Holiday lets 'could earn farmers around £74k a year'
One of the most popular diversification methods for farmers in the UK is property letting – whether that be long-term letting to a tenant or running short-term holiday lets. Last year, NFU Mutual reported that 15% of farmers who had diversified operated a property letting, making it the second most popular form of diversification after renewable energy. Here, Shelley D'Arcy – Vice President Property Recruitment at cottages.com – answers Farm Diversity editor Victoria Galligan's questions on farm holiday lets and explains how to get the best return on investment…
Why are holiday lets an attractive proposition for farmers who are considering diversifying?
It’s the potential return on investment that makes furnished holiday lets so attractive to farmers weighing up their diversification options.
The continuing strength of the staycation market means property owners could earn around £74,000 a year by letting to holidaymakers through cottages.com, with roughly one peak week in summer generating a rental income close to that achievable through a month of long-term letting.
Demand for domestic short breaks has rocketed in recent years with properties allowing short breaks all year round achieving an average 35% more bookings than those that don’t offer short breaks at all.
Farm getaways are perfect for people looking to catch up with friends or family in luxury surroundings for birthdays and anniversaries, meaning those offering the most appealing accommodation and facilities are well-placed to cash in throughout the year, not just during traditional peak periods.
Which types of accommodation are currently proving most popular with farmers, and why?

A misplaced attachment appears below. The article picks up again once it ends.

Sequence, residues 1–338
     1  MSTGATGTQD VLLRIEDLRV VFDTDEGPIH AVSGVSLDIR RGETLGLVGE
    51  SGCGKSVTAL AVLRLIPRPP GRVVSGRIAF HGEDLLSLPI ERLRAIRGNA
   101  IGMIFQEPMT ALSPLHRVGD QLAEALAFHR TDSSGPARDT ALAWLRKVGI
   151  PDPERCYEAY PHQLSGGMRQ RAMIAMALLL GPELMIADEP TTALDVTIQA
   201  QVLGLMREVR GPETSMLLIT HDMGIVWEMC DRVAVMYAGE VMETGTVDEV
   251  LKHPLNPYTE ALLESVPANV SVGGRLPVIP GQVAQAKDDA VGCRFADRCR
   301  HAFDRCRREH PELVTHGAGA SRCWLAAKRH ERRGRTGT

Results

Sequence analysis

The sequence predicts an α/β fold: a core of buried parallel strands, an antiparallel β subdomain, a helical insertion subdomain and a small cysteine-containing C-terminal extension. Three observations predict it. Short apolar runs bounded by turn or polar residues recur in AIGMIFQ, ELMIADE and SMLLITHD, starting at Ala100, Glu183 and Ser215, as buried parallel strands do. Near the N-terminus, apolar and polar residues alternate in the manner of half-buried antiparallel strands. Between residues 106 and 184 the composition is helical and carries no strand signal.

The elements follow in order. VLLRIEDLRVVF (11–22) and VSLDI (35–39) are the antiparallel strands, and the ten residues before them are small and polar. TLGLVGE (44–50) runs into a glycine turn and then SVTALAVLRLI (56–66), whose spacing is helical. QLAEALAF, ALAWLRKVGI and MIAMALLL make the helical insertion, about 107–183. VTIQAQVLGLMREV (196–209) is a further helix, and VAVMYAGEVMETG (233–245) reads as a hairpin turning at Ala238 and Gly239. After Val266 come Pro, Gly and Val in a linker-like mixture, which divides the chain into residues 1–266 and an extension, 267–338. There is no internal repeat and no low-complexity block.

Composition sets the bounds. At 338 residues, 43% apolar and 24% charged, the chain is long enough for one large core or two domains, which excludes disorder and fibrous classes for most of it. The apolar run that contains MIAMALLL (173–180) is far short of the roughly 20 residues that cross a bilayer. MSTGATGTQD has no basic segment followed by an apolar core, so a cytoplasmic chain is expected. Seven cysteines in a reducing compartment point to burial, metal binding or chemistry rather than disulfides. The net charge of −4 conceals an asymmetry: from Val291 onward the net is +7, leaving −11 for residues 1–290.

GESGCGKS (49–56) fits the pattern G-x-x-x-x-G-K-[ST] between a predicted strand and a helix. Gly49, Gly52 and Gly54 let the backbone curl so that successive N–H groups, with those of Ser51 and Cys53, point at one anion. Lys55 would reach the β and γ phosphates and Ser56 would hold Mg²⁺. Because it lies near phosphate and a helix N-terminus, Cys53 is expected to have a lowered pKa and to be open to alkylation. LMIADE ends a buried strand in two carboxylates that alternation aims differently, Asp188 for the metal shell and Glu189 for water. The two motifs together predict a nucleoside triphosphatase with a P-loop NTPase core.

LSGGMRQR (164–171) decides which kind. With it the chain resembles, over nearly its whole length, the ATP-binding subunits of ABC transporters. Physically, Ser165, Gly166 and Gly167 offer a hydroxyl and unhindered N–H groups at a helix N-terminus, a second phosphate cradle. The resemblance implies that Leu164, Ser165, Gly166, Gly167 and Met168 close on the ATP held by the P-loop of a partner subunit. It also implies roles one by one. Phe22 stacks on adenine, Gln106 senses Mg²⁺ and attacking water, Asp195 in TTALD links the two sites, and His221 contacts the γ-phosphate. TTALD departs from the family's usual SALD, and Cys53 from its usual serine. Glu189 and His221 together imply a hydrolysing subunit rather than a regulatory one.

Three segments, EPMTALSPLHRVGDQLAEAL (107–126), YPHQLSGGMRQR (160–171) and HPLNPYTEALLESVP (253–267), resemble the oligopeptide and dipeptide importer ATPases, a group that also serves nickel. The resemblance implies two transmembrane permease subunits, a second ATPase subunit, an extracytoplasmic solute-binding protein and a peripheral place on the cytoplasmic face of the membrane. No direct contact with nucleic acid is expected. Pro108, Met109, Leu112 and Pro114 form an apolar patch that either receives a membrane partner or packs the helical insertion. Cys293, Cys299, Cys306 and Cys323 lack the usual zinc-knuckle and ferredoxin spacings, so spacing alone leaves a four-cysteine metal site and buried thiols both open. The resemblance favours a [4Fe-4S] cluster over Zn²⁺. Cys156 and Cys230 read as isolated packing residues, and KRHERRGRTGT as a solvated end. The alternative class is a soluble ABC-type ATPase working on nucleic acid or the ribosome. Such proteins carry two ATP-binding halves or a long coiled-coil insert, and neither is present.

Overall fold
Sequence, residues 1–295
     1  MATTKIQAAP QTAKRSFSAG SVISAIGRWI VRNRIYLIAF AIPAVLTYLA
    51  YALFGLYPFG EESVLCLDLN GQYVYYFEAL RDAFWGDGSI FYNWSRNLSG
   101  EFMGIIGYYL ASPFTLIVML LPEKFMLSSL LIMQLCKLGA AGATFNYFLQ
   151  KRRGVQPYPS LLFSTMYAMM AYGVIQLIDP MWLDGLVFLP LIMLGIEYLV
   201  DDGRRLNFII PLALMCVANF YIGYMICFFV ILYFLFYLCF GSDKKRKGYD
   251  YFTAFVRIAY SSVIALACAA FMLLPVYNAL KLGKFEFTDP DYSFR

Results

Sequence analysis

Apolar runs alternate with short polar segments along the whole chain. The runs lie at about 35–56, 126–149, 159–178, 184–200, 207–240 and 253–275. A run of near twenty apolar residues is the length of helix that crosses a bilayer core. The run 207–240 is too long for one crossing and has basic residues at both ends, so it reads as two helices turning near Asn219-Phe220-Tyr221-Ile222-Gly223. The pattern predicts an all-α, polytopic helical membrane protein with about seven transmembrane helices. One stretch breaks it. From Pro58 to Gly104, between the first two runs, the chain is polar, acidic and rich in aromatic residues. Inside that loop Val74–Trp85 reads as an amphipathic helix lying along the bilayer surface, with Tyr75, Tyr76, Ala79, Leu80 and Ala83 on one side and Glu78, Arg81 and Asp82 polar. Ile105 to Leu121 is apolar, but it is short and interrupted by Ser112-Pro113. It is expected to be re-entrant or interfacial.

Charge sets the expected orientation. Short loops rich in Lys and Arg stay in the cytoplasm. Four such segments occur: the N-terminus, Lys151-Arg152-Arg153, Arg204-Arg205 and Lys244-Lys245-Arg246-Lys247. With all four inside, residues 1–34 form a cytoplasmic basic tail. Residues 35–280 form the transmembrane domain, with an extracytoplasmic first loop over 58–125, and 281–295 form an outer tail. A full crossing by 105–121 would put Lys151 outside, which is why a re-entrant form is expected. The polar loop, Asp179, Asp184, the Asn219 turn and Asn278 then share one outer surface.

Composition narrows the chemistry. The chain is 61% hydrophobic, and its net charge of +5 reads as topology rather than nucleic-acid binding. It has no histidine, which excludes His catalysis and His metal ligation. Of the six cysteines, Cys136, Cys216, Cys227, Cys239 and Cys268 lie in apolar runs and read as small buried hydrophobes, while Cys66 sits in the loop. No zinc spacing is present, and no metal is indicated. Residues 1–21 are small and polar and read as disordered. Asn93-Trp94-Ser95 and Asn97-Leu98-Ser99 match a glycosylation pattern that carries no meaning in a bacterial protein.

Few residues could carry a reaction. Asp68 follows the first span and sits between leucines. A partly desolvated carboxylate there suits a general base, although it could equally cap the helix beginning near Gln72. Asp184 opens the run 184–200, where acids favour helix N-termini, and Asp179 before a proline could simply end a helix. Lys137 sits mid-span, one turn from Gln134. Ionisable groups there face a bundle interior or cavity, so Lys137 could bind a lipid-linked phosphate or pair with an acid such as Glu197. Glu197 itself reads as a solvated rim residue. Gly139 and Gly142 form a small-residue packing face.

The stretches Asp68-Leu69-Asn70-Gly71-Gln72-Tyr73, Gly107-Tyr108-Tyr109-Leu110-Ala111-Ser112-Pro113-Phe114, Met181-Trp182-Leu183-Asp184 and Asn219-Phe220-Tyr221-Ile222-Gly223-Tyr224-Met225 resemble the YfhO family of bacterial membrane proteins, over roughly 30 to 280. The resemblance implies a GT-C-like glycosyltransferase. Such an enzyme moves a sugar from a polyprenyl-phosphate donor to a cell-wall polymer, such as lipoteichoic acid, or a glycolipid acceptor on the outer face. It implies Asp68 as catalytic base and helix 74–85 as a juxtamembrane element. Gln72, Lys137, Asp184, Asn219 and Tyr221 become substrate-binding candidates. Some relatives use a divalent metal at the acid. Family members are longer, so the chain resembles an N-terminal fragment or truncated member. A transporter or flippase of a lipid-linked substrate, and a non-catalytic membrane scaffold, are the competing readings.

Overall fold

Old barns and other permanent farm building such as dairies, stables, coach houses, granaries and pigsties are perfect for conversion into cottages, especially when farmers can potentially take advantage of permitted development rights and avoid the red tape associated with standard planning permission processes.
The flexibility offered by lodges, yurts and shepherd’s huts is making them a popular choice with farmers right now too. Not only are they relatively easy to move around, they can be scaled up or down in line with available budget.
What do farmers need to do before their property can be let to holidaymakers?
The most important thing for any farmer considering diversifying into furnished holiday lets, or anything else, is to do their homework and get the right advice. Although we don’t offer financial or legal advice ourselves, part of the benefit of working with a lettings agent the size and scale of cottages.com is that we can put you in touch with a huge range of advisors, from accountants and lawyers to health and safety specialists and interior designers, meaning you minimise the risk of wasting time and money and maximise your chances of making a tidy second income.
What’s the best way to maximise ROI?
We know from our own data what’s popular with the holidaying public and are therefore perfectly placed to advise our owner partners when it comes to maximising income.